ELECTRO METALLURGY. By this elegant art the most exact copies of any natural or artificial object can be obtained, or the surface of any body non-metallic or metal may become coated with a thin layer or film of copper, gold, and silver, or a few other metals. The practionl de tails of the arrangement is all that can find a space in these pages.
On the Forms and Arrangement of Ap the deposition of metals where voltaic electricity is thepower em ployed, there are two aeso•ptions of ar rangement: the first where the surface on which the deposit is formed is itself a part of the apparatus whence the power is generated ; the other in which the ob . ject receiving the deposit forms no part of the apparatus, but where the power is procured from a battery; the former is termed the single cell, the latter the bat tery process. The forms of voltaic bat teries used are numerous, and in most cases known by the names of their re spective inventors ; such as Daniell's, Smee's, and Grove's batteries. The stant battery of Professor Daniell will be found most generally useful ; it is termed constant from its possessing the power of continuing in action for any lengthened period : it may be made in various forms, and consists of a copper cell, dividedinto two parts by a porous diaphragm or tition, which may be formed of wood, paper, plaster of Paris, earthenware, or animal membrane. The cuter cell is filled with a saturated solution of phate of copper, a perforated shelf plied with crystals of this salt is placed at the upper portion, as that part of the solution is soonest weakened, the cific gravity retaining the stronger tion below. The inner cell is filled with water, to which a few drops of sulphuric acid are added, and in which a rod or plate of amalgamated zinc is placed, to which, and to the copper of the outer cell, wires are attached. This battery may be generally employed for the poses of plating, gilding, and platinizing, and is one of the most economical modes of reducing copper. The simplest form of apparatus used for the deposition of me- tal, more particularly copper, is the single cell ; it resembles in the number of its parts a Daniell's battery ; the surface to be deposited on senting the copper of the outer cell. The diaphragm may be formed of plaster of Paris, brown paper, or thin wood ; but the action is almost rapid when the diaphragm is thinnest ; if a mould of metal or other stance be attached to the zinc in the cell containing the acid and water, and duced into the phate solution, if the metallic tion between the mould and the zinc be complete, after a short immersion the former will become coated with a sition of metallic copper, which goes on increasing in thickness as long as the strength of the cupreous solution is kept up, which may be done by placing a few crystals of sulphate in the tion. Within a few months past,
neto-electric machines have been ployed for the deposition of metals ; and in Birmingham, plating is carried on to a considerable extent hy machines, formed by peculiar arrangements of compound magnets, one of which, lately manufac tured by Mr. Woolrich, is capable of de positing from 300 to 500 ounces of silver per week ; but as such machines are dif ficult in management, and expensive in construction, they are not well suited for the purposes of experiment.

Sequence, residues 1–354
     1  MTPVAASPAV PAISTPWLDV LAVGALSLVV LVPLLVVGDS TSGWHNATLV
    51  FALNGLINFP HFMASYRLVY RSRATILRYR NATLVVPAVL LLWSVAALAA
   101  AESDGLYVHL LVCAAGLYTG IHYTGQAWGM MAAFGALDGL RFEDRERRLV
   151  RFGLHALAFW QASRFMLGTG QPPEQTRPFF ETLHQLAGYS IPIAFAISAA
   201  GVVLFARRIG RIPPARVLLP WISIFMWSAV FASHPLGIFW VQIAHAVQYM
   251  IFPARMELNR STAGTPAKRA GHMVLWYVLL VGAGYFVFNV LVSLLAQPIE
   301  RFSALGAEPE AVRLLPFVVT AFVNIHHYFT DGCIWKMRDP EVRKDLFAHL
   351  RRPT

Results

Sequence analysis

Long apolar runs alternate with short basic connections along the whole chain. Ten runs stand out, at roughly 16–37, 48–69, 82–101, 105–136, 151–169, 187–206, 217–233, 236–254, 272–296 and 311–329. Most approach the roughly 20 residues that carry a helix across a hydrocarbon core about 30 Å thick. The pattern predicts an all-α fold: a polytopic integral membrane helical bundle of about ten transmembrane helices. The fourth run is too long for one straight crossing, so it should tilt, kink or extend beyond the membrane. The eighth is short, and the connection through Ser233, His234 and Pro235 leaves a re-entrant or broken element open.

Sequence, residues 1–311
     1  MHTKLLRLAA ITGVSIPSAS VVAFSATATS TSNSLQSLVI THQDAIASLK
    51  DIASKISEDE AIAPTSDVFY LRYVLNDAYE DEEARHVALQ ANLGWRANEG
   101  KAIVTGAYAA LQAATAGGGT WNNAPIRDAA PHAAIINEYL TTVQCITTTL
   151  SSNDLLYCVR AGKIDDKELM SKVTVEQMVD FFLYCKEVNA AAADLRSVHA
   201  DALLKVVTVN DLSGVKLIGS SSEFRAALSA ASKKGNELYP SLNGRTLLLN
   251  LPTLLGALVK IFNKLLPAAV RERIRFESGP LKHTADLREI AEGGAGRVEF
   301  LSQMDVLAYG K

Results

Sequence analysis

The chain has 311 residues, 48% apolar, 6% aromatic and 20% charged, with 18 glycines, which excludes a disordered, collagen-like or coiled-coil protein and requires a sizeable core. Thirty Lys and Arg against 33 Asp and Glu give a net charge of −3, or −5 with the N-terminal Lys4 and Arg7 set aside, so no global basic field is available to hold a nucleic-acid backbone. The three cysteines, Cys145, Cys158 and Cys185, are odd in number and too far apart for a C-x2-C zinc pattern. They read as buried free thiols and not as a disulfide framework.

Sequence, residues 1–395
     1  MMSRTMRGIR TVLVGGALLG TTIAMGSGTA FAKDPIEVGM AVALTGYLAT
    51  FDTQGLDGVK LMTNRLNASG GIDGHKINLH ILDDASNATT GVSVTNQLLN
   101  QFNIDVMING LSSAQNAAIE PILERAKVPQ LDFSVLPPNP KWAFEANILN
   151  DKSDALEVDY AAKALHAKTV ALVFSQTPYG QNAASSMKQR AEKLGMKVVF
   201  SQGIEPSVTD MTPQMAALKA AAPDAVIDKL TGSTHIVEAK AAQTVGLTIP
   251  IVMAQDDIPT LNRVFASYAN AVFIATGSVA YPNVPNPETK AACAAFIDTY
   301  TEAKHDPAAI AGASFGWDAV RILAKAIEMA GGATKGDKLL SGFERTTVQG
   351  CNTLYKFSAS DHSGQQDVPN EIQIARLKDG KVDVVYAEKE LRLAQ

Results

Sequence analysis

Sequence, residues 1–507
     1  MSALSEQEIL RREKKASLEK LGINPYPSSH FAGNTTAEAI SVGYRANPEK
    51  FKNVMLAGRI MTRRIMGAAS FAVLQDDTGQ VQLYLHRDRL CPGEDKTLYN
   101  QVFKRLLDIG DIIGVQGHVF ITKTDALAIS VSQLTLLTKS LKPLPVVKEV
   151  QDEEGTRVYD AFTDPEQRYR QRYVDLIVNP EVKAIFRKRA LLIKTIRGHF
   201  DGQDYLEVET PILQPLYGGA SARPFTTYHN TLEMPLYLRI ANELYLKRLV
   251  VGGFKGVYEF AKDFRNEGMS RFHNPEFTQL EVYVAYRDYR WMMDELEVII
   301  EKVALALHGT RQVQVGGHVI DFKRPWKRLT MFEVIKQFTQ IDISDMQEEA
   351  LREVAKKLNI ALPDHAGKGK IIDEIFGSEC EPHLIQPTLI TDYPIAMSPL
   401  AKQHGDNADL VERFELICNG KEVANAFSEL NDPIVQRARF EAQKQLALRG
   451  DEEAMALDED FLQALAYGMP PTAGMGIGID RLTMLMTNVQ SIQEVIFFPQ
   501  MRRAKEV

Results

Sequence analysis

On the production of .Moulds.—Moulds may be formed either of metallic or non metallic substances ; in the latter case it is absolutely necessary that the surface of the mould submitted for deposition should be a conductor of electricity, and the best conductors are metals and car bon. Moulds for small object.), as coins or medals, may readily be made of lead or fusible metal : a very simple plan is to place the object between two strips of the former metal, scraped perfectly clean, subjecting the whole to the action of a press. Moulds may be formed of wax, stearine, tallow, plaster of Paris, sealing wax, &c., &c.: the surfaces of either of these materials may be covered with good plumbago, after fixing a metal wire into the mould to be deposited on ; the pow der should be rubbed lightly over with a soft brush, taking care that it adheres to all parts. The deposition takes place at the wire by which the article is con nected with the battery or cell, And spreads gradually from that point till the whole surface is covered ; but this pro cess is limited to the deposition of cop per only, as gold and silver will not spread to any extent on a black-leaded surface. Wood may be prepared to re ceive a deposit in the following manner : —The surface of the block or piece in tended to be deposited on is dipped in a weak solution of nitrate of silver, con tained in a fiat vessel, remaining for a few minutes in order that by capillary attraction the nitrate of silver may be drawn into the wood: a small portion of a solution of phosphorus in spirits of turpentine being poured into a watch glass, and placed on a sand-bath, is al lowed gradually to evaporate ; on hold ing the surface of the wood over the va por an immediate change occurs, the nitrate of silver is converted into metallic silver, and the object may at once be placed in the battery to receive a deposit of copper. In this manner the interior of a plaster mould may be rendered a conductor ; but as this plan can only be adopted with substances which can be wetted with the solution of nitrate of sil ver, an improvement has lately been in troduced, by the adoption of a solution of phosphorus instead of the vapor of that substance. The best known solu tion is bisulphurct of carbon, which easily dissolves a considerable portion of phos phorus.